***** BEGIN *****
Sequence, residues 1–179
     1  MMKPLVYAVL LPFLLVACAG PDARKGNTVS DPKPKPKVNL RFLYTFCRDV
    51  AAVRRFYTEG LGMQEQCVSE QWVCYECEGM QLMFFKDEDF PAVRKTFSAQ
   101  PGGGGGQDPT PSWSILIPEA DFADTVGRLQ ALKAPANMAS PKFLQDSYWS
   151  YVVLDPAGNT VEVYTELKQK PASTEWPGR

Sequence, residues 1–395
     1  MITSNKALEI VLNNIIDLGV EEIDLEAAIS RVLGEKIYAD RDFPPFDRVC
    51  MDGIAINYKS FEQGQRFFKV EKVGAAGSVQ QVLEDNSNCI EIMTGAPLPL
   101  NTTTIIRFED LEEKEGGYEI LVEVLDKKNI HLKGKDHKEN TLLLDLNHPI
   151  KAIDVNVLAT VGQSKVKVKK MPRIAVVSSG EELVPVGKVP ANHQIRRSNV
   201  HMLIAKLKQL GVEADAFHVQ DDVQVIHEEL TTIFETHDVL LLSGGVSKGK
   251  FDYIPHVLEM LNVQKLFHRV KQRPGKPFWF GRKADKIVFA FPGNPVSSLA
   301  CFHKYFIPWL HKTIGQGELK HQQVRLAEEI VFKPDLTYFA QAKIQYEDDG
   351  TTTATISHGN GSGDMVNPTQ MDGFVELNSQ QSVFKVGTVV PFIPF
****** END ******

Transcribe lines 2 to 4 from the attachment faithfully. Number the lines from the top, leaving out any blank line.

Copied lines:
     1  MMKPLVYAVL LPFLLVACAG PDARKGNTVS DPKPKPKVNL RFLYTFCRDV
    51  AAVRRFYTEG LGMQEQCVSE QWVCYECEGM QLMFFKDEDF PAVRKTFSAQ
   101  PGGGGGQDPT PSWSILIPEA DFADTVGRLQ ALKAPANMAS PKFLQDSYWS